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Monday, April 14, 2008

Reading for the Time Impaired

Not too long ago, I posted about the evolving way that literature is being consumed, and how that affects us as writers. All of the comments on that post, including a recent one that has me revisiting the topic, acknowledged that as a culture we seem to be moving towards consuming our entertainment in short bursts.

Well, apparently, we're not the only people who think so. Established about a year ago, DailyLit is a website that allows subscribers to receive daily portions of books in their e-mail inbox or RSS. In this way, reading some of those classic monstrosities that have always been intimidating (I'm looking at you War and Peace) suddenly seem not so scary.

Classic works in the public domain are offered free of charge, but now with over 100,000 users (Newsweek), DailyLit is charging for new releases offered in the same way. Unlike what we were talking about, the novel is written in the usual format, only it's parceled for consumption. Think how successful a novel could be if it were specifically written to be consumed at this pace, with hanging moments and well planned drama. See, we're wrapping back around to Charles Dickens, and the serial.

This idea appeals to me in some sense. I'm at my desk/computer for 80% of my day it seems, so why not have that bit available to read while I'm taking a break from my work, or waiting for something to upload? On the other hand, I'm still not sold on reading without having that book in my hand, or being able to curl up with it in bed.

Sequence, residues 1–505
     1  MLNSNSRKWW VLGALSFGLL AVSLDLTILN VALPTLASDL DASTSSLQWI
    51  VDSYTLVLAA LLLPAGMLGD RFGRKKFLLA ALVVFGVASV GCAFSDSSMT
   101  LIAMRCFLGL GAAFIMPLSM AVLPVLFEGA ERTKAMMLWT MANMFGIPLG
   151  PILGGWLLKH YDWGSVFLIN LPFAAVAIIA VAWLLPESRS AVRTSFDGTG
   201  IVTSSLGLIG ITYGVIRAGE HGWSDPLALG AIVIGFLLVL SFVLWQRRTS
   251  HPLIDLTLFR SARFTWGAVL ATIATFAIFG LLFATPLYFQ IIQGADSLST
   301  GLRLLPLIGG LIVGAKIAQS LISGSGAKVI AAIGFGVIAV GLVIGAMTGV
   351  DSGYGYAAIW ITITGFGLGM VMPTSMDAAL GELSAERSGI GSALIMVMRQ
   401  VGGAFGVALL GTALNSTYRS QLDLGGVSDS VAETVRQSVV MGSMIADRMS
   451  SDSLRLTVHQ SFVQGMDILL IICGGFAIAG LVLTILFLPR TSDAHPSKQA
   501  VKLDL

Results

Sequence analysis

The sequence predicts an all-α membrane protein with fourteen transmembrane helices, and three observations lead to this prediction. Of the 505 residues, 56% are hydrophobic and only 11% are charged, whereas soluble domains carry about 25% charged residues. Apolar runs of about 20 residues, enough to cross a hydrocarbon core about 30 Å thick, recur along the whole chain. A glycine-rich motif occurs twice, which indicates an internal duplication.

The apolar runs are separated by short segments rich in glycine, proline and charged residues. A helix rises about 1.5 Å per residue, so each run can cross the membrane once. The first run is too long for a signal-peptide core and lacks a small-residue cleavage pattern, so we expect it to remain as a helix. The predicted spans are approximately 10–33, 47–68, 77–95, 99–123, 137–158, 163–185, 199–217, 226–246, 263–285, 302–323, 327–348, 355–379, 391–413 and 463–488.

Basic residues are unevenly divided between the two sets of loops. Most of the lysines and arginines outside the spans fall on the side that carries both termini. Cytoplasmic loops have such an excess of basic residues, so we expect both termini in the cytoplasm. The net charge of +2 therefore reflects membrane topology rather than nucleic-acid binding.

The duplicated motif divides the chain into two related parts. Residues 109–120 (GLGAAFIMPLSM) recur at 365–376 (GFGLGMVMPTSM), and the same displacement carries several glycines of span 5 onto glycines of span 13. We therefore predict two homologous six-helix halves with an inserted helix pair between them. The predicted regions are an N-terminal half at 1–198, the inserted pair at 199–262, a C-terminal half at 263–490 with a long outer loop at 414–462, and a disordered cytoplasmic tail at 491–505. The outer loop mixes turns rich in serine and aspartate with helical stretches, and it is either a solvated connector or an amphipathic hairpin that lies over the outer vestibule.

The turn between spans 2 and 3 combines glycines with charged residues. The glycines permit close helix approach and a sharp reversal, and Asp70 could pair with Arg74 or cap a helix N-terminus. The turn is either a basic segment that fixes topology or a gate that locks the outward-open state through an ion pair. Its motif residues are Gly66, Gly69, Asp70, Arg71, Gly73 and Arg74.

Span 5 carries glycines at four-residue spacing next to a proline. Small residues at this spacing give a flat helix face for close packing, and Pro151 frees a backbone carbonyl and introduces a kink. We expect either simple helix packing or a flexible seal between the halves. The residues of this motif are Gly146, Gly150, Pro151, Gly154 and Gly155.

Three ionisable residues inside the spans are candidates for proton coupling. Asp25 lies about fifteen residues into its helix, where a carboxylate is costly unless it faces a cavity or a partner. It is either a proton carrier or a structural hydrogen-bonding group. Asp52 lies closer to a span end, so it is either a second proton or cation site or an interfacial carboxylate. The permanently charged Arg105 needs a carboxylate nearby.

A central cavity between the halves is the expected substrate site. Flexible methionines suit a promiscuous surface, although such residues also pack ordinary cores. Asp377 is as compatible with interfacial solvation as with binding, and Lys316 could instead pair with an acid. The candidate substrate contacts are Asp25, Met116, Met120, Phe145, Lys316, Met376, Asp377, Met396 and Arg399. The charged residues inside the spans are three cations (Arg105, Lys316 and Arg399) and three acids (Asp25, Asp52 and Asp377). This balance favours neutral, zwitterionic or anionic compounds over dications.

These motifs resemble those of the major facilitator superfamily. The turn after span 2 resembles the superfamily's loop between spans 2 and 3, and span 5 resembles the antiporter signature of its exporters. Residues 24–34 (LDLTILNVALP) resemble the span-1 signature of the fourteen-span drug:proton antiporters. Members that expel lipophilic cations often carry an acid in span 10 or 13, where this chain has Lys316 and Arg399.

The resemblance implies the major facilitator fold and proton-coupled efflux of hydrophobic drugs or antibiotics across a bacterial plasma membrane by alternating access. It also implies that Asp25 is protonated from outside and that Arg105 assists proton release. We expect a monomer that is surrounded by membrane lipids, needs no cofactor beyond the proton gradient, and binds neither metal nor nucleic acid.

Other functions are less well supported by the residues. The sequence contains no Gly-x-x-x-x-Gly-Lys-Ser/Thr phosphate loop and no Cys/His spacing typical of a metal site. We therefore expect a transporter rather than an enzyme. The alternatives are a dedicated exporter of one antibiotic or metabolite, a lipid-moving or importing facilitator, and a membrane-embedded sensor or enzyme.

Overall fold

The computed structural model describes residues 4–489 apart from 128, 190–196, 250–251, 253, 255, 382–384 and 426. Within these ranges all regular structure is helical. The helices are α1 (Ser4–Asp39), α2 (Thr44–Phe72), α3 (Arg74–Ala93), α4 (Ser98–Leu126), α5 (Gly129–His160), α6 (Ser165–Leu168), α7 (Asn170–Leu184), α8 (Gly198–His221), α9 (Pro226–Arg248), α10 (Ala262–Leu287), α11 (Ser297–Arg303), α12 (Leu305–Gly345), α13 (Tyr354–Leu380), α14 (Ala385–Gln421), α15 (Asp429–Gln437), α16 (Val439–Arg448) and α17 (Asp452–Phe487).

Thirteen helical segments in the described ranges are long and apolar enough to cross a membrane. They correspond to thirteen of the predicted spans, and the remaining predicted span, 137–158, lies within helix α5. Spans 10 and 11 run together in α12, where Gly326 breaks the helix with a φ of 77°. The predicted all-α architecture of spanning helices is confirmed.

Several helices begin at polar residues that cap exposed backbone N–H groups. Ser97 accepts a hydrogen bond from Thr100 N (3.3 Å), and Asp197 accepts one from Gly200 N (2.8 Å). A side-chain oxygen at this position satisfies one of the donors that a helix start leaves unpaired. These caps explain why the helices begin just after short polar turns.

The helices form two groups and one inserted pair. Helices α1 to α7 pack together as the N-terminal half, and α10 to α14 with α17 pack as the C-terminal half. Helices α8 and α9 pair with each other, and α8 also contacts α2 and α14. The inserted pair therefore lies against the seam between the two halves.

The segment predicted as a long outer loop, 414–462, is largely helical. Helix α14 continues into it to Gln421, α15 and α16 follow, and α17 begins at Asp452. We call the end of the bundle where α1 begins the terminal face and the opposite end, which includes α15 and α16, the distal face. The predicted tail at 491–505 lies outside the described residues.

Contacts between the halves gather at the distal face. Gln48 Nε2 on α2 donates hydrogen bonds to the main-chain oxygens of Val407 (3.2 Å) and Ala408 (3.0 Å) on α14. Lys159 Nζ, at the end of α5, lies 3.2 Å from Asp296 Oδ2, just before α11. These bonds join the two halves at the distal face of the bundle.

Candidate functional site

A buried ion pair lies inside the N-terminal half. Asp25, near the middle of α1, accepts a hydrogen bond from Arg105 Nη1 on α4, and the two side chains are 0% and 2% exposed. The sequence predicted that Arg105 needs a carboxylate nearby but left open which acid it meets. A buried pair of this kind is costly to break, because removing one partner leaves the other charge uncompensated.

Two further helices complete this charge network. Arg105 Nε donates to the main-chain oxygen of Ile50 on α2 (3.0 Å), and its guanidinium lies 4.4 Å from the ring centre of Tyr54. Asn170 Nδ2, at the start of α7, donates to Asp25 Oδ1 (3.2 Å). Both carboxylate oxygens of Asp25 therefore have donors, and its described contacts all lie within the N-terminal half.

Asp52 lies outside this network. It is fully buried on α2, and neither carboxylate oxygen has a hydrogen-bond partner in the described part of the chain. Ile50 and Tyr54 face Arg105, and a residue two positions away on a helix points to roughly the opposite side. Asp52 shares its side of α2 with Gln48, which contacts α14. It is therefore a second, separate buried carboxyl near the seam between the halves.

So, in order to form an educated opinion on the site, I will be selecting a free classic to subscribe to, and I will see how I like the service. At the moment, I'm choosing between Moby Dick (260 parts) and A Tale of Two Cities (170 parts), both classics that I have not read.

As always, I will keep you updated with my progress. I hope if any of you decide to try it out, you'll let me know how it goes.


Last Knight said...

Actually, the serial is experiencing something of a minor revival; Stephen King's novel "Cell" was released exclusively online at first, and I believe "From A Buick 8" was, as well.

Stephanie said...

Stephen King definitely leads the charge on the return to serial writing. Never having experienced reading a book that way, it'll be interesting to see what the experience is like for me.

And stop taunting me with your semicolon usage. Don't think I don't know what you're doing.

Last Knight said...

Would you believe me if I said that it was completely unintentional and unthinking? :)

I see a lot of RDI stories (*coughcoughaddictioncoughcough*) as serials; I deliberately used cliffhangers in BotC to keep people interested in the story, and to keep myself interested in writing.